Another book I finished last week was Michael Wall‘s Out There: A Scientific Guide to Alien Life, Antimatter, and Human Space Travel (For the Cosmically Curious).
Dr Wall’s book gives a glimpse of the search for extraterrestrial life. Beginning with the Drake Equation and possible chemical compositions of extraterrestrial life, Wall explores what life might look like in the universe.
The book explores what alien life might be like, how it might communicate with us, world reactions and responses, and current and possible future techniques to search for life.
Dr Wall also explores the possibility of our colonization of other planets, our exploration of interstellar space, time travel, and evolutionary implications of our leaving our home planet.
Whether you’re just curious about alien life and existing theories of life, or if you’re looking to create an alien life form in a story you’re working on, this book is a must read.
Last week, I finished the book Making the Monster: The Science Behind Mary Shelley’s Frankensteinby Kathryn Harkup.
This book provides an interesting look at the how the year without a summer, odd relationships, 18th century science and a ghost story contest over a series of summer nights led to the writing of the first science fiction novel.
Dr Harkup is a chemistry scientist who decided to pursue an interest in communicating science instead of being stuck in a lab. This is Dr Harkup’s second book on the science background of fiction, following her previous A is for Arsenic: The Poisons of Agatha Christie.
These kinds of books have always fascinated me, by granting a look behind the scenes of how stories come together. In fact, this book pairs great with The New Annotated Frankenstein, edited by Leslie S. Klinger, to provide an overview of the meeting of the sciences and the arts resulting from the Enlightenment period.
Among the influences on Frankenstein, one standout is several references to Erasmus Darwin, an early biologist and grandfather of Charles Darwin.
Dr Harkup doesn’t just provide a glimpse of the sciences as they were forming and emerging in Shelley’s day. She also traces those sciences from Shelley’s day to whatever era the science suggested by Shelley became scientific fact in the real world.
Anyone interested in Frankenstein or scifi in general should definitely check out this book. You won’t be disappointed.
As anyone with a creative skill knows, practice is a requirement to maintain and improve that skill. I’ve got a couple of tools I’ve picked up over the years that I use for practice and to combat writer’s block.
The first tool I picked up is Rory’s Story Cubes. I found the Rory cubes in Walgreen of all places while waiting for the filling of one of my wife’s prescriptions. Walgreen had the base set at the time, which I’ve found to be quite useful by itself.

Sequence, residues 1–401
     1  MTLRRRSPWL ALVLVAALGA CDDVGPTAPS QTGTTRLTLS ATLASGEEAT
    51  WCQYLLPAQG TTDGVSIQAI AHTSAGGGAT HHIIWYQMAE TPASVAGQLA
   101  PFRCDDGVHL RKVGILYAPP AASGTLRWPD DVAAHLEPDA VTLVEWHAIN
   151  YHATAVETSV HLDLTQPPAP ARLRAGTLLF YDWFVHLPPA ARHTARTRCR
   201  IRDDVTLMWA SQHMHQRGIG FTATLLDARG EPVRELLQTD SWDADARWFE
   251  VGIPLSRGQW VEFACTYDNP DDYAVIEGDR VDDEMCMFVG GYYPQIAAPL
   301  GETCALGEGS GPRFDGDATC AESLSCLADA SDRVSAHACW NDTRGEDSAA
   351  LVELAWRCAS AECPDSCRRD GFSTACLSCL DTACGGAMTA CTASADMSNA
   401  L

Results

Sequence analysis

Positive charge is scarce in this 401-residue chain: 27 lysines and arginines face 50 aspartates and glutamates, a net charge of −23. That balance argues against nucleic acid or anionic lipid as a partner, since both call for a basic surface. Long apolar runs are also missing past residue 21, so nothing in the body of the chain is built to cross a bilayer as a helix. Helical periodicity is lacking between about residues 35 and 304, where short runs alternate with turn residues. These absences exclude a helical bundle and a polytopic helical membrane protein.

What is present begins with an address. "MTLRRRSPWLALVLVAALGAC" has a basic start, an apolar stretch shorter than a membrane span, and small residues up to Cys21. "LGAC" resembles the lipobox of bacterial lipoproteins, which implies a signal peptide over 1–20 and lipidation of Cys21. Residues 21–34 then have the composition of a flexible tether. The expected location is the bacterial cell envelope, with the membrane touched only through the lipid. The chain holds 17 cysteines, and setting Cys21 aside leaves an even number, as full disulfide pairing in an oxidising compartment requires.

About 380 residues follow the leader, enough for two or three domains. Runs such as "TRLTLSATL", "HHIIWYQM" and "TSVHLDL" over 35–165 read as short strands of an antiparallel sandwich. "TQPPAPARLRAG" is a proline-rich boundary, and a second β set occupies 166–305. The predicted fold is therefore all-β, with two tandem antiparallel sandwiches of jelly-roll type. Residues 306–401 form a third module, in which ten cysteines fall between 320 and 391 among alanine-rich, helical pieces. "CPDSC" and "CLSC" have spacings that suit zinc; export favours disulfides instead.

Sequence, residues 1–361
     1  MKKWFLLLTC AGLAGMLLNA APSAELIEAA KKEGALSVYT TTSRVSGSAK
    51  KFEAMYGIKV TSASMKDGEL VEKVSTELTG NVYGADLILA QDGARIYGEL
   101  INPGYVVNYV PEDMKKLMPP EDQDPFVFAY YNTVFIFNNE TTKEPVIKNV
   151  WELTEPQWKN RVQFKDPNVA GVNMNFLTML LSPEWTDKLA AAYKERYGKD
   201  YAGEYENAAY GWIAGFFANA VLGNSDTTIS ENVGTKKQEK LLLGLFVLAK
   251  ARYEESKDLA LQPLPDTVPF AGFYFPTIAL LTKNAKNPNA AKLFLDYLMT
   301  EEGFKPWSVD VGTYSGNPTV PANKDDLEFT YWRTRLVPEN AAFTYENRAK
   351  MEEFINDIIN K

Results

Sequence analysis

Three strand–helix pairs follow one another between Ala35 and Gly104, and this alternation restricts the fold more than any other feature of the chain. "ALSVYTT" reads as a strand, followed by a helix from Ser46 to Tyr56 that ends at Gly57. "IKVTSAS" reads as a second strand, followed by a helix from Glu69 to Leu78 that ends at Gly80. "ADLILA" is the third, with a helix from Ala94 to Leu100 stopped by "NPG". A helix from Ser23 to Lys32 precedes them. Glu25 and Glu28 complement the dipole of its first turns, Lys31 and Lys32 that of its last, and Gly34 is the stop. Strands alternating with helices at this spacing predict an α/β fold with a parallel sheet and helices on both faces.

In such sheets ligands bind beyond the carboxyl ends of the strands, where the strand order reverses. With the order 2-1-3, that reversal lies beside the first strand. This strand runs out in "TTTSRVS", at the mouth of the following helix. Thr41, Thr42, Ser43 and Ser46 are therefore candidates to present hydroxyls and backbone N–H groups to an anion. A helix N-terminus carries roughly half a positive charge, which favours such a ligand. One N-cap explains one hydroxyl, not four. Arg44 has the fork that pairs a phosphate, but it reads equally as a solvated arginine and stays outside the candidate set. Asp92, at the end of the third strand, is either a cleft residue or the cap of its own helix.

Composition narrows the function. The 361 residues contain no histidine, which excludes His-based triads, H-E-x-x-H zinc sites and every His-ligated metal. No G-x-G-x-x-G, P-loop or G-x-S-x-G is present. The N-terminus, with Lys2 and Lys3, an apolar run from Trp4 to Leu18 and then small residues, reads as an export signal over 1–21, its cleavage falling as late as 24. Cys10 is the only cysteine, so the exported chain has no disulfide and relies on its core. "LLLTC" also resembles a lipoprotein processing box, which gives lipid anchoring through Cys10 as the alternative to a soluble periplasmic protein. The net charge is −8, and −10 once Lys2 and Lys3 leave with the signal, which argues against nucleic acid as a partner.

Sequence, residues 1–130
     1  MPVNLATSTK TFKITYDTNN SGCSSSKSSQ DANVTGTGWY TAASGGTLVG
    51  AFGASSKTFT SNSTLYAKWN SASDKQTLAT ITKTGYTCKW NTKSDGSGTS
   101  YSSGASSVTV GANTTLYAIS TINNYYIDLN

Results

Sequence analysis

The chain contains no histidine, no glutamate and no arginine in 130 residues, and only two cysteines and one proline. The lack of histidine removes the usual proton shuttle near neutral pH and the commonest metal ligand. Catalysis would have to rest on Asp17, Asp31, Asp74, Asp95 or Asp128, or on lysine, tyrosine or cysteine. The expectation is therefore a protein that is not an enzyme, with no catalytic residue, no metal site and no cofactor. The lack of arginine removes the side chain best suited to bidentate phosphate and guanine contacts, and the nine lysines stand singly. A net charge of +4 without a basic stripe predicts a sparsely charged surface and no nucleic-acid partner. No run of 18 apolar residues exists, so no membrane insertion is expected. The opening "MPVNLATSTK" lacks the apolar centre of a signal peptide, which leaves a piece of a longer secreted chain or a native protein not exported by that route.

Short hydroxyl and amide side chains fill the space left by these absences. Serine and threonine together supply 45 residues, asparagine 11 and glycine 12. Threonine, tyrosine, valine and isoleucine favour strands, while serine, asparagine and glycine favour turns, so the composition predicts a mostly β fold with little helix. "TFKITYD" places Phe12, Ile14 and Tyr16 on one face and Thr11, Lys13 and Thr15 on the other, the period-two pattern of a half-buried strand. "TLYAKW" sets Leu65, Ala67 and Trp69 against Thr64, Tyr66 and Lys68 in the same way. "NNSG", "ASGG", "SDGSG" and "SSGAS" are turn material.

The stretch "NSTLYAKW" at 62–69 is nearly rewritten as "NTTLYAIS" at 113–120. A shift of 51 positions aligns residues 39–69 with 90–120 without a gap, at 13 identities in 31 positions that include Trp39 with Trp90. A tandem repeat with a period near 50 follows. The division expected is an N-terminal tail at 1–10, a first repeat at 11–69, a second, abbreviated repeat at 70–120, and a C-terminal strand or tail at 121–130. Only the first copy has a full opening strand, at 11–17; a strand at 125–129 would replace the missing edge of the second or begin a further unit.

Basically, the idea of the game is to roll the 9 story cubes like dice and then create a story using the 9 images that come up. The options are endless and the cubes can be used multiple times to come up with a variety of story ideas.
Over the years I’ve also picked up the Actions set and the Voyages set, which at times I’ve used by themselves and together with the base set. I’ve used the Rory Story Cubes alone and in workshop and classroom settings. I would definitely recommend picking up a set and trying them out.
The other tool I’ve picked up is Yeti Eats Alien. This one I discovered recently while browsing through the shelves of the Puzzle Warehouse‘s local retail shop. From what I can tell, this one is a relatively new game, but I don’t know for sure.
While the idea of this game is funny headlines, using the headline game rules gives a good basis of five words from which to build a headline. As a story writer, that headline provides a starting point to build from. From a humorist perspective, there is plenty to work with in this set and I could see future expansions adding even more comedic fun.
I’m always on the lookout for pocket sized games and games that can serve as story writing tools. These two provide for both purposes.
Finally got around to watching the movie The Purge. This movie was on my want to see list because of the dystopian aspect. I’m kind of an iffy horror fan. I’m not a fan of slasher films but I do like the tales of H. P. Lovecraft, monster movies, and the Alien franchise.
Once the movie started getting into the background and history of the annual purge of the movie’s dystopia, I kept thinking, “I know this story”. As the purge scenes of the films’s name got going, I recognized many elements of the Robert Sheckley short story,”The Seventh Victim“.
This got me thinking that I can’t be the only person to see this. Unfortunately, I was surprised that an internet search of The Purge and “The Seventh Victim” only turned up one link making this connection, part a reddit discussion about a movie plagiarism lawsuit. All of the other links were lists of dystopian stories where murder was legal and happened to contain both stories on the list.